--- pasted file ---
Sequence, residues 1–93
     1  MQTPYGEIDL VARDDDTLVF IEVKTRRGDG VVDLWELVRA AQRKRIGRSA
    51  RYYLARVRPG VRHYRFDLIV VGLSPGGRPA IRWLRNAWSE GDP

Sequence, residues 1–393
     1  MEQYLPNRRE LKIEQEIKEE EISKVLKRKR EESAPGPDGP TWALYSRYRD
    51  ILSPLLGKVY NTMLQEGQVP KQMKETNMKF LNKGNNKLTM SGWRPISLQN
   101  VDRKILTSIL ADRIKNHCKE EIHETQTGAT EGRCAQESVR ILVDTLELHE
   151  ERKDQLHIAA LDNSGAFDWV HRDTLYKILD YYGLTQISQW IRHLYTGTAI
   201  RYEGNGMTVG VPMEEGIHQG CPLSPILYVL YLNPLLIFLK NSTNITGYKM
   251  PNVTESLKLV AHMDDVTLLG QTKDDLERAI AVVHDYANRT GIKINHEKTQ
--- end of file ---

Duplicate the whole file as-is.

Sequence, residues 1–93
     1  MQTPYGEIDL VARDDDTLVF IEVKTRRGDG VVDLWELVRA AQRKRIGRSA
    51  RYYLARVRPG VRHYRFDLIV VGLSPGGRPA IRWLRNAWSE GDP

Sequence, residues 1–393
     1  MEQYLPNRRE LKIEQEIKEE EISKVLKRKR EESAPGPDGP TWALYSRYRD
    51  ILSPLLGKVY NTMLQEGQVP KQMKETNMKF LNKGNNKLTM SGWRPISLQN
   101  VDRKILTSIL ADRIKNHCKE EIHETQTGAT EGRCAQESVR ILVDTLELHE
   151  ERKDQLHIAA LDNSGAFDWV HRDTLYKILD YYGLTQISQW IRHLYTGTAI
   201  RYEGNGMTVG VPMEEGIHQG CPLSPILYVL YLNPLLIFLK NSTNITGYKM
   251  PNVTESLKLV AHMDDVTLLG QTKDDLERAI AVVHDYANRT GIKINHEKTQ